The transition of Botswana Training Authority to Botswana Qualifications Authority back in 2014 was not a smooth one, especially between staff and the new entity.
This was revealed in a Court of Appeal judgment which ordered BQA to pay 24 members of its staff the promised better remuneration, despite an error committed by the acting CEO at the time and complaints from other experienced and better qualified staff members.
It has emerged that upon the coming into effect of BQA, a restructuring process was undertaken which resulted in the abolition of some posts under the old BTA and the creation of new ones under BQA.
“A job matching exercise was undertaken in terms of which BTA employees were placed in appropriate positions in the new BQA. New terms and conditions of employment were adopted by the Board, which also approved a new salary structure in or about December 2014,” the papers presented before the court read in part.
Further, the Court of Appeal learned that offers of employment under BQA were prepared, and by May 2015 employees had been issued with letters of appointment in line with their new conditions of employment. “This involved what was termed a “salary migration” which resulted in some employees receiving considerably enhanced emoluments”.
The Board then instructed the Acting CEO to implement the new salary structure, which was complex and had prompted queries by some staff members with regard to the emoluments.
The 24 employees sought a 15 percent salary adjustment on the basis of a clause in their new conditions of service, and argued that they had been disadvantaged in the original migration exercise.
“In February 2018 he addressed letters to the 24 affected employees in terms of which their placements were finalized and the salary migration exercise was completed. The effect of the letters was that the new salaries of the 24 employees were enhanced by a 15 percent, backdated to 1st April 2016. Each employee was required to sign an acknowledgment that he or she accepted the placement and the revised salaries. All of them did so,” the court learned.
The CEO’s decision caused instability when some experienced employees learned that they have been overtaken (salary) by the favoured 24, causing the Board to declare the 15 percent salary raise as erroneously granted and proposing immediate halting, and recovery of previous overpayments.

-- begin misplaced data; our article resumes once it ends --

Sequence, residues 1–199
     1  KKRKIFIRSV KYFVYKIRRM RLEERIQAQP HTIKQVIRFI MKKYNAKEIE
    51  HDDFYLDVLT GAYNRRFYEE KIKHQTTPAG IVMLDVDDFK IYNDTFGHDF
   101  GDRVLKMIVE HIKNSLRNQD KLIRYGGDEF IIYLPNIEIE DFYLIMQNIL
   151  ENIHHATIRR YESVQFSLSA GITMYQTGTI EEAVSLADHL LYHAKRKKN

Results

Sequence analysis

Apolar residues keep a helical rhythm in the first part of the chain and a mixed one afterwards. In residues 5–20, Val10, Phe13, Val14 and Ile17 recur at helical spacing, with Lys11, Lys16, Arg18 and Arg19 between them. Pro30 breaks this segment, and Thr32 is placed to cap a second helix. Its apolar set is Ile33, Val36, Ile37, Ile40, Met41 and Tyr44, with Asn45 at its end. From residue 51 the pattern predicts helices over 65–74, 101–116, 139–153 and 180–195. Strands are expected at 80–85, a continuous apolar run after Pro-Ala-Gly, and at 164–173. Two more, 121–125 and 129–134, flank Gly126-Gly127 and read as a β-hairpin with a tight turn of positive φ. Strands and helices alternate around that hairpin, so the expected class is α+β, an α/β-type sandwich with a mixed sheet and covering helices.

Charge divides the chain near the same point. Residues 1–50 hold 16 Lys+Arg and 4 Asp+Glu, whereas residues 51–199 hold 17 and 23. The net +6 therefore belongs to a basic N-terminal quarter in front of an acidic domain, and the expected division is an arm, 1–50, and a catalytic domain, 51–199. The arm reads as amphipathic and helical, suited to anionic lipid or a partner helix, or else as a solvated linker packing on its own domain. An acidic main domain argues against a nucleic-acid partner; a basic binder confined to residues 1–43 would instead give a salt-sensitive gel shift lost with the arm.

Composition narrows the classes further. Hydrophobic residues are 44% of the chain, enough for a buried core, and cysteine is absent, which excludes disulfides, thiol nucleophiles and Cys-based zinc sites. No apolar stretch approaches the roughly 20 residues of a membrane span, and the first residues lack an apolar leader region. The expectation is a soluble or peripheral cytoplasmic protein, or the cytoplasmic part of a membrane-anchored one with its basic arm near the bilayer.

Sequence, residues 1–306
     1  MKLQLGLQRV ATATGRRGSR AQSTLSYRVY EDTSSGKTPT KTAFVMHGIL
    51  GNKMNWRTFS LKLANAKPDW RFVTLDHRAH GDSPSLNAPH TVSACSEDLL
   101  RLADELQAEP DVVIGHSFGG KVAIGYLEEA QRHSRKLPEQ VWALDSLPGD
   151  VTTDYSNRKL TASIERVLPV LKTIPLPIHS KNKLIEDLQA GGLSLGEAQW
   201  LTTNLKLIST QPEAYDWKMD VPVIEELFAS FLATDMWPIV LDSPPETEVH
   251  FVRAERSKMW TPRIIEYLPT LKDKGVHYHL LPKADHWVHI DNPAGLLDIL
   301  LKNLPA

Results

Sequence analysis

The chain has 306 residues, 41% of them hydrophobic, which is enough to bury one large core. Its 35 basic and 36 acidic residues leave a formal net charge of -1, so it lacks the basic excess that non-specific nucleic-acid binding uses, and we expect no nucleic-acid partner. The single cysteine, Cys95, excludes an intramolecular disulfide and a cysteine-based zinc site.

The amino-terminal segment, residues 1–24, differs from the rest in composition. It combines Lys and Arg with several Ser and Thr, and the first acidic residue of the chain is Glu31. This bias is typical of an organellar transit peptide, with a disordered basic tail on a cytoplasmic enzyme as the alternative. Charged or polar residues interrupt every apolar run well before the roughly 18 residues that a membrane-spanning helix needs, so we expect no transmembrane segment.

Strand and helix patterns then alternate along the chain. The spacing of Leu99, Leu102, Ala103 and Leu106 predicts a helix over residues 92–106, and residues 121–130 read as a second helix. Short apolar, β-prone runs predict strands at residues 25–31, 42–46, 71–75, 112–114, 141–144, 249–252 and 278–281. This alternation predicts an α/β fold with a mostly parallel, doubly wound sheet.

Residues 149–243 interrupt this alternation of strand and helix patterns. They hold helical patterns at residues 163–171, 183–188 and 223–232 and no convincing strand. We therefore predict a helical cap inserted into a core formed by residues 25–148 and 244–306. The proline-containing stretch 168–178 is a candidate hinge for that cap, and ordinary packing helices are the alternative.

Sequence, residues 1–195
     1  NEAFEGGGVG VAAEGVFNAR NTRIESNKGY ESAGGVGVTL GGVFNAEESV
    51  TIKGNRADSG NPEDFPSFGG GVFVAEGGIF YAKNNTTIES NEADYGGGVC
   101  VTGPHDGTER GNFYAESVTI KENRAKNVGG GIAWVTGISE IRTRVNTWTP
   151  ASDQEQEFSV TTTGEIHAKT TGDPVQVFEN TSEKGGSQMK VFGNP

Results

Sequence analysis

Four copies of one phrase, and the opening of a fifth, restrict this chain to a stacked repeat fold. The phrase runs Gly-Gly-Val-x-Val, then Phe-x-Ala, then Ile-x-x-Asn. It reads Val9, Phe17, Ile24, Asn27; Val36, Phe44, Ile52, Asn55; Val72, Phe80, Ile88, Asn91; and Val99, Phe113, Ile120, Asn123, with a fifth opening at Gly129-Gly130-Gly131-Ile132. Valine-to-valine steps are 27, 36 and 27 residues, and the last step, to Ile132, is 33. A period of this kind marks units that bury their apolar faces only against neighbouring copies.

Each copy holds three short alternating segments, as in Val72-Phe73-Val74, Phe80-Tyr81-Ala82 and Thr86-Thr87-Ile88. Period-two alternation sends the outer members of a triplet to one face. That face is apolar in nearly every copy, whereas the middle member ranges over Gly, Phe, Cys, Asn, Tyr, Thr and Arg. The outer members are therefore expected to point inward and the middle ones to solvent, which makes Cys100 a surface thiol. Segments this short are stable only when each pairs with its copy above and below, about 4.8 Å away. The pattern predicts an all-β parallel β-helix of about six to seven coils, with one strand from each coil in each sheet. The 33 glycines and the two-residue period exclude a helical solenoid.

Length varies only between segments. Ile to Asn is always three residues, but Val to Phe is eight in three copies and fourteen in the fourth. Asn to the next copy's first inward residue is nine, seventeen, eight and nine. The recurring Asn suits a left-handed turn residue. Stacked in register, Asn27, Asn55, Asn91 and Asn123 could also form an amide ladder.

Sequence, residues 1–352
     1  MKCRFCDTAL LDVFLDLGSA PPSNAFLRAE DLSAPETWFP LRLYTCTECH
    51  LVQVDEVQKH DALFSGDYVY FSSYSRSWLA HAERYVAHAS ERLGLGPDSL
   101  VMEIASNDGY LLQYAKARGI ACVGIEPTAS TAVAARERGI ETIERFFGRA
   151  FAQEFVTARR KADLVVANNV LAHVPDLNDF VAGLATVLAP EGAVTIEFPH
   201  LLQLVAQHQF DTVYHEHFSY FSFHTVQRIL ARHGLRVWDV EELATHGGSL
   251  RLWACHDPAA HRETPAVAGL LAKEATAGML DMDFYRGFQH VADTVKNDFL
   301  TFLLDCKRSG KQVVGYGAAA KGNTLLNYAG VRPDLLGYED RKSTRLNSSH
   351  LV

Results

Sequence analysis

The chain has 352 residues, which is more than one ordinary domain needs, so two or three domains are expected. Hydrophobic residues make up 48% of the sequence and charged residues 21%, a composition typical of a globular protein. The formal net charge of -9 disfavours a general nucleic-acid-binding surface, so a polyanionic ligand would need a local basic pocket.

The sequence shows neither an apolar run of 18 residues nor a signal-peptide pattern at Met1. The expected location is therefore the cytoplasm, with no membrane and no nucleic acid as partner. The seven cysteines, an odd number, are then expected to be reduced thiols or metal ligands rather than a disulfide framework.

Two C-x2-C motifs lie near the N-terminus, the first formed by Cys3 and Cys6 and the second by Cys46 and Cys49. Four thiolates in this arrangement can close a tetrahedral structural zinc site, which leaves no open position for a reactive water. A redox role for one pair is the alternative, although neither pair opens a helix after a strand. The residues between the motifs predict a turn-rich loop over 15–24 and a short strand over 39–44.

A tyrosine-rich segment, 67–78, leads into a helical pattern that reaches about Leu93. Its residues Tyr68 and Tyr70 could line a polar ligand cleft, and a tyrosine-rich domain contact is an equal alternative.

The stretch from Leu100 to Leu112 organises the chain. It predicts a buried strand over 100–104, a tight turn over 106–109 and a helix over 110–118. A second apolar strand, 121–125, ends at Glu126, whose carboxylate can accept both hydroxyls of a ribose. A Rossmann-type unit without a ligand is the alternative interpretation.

A dispute ensued and the Manual Workers Union approached the Industrial Court to interdict BQA from downgrading the new salary grade in the new BQA structure, and also ordering BQA to continue paying the remuneration to the affected employees (union members) without any deductions.
BQA was not happy with the Industrial Court ruling, and then appealed to the Court of Appeal.
The union was adamant that no deduction or recovery of the overpayment should be made against the 24 employees as that would prejudice them since they had arranged their lives on the basis of their new salaries.
The union also said that BQA unilaterally made a decision to reverse its members’ salary increases, and had intended to recover the purported overpayment, the gesture that will be an infringement on their contractual rights.
“Even if the BQA regarded the acting CEO’s action as having ultra vires (in contravention of the Act), this remained valid and effective unless and until set aside by a court of law. It was impermissible for BQA to effectively ignore his decision as a nullity, and to resort to self-help to reverse it,” argued the union, which argument was subsequently confirmed the Court of Appeal. It said that he acting CEO’s decision remained valid and could only be reversed or set aside by a court of law.
For now, the employees will continue to enjoy their salaries until the matter has been negotiated at the JNC or CEO’s decision challenged in court.
The Court of Appeal also ordered BQA to pay the costs.
Justices Ian Kirby, Isaac Lesetedi, and Zibane Makhwade whilst Mboki Chilisa represented the Manual Workers Union.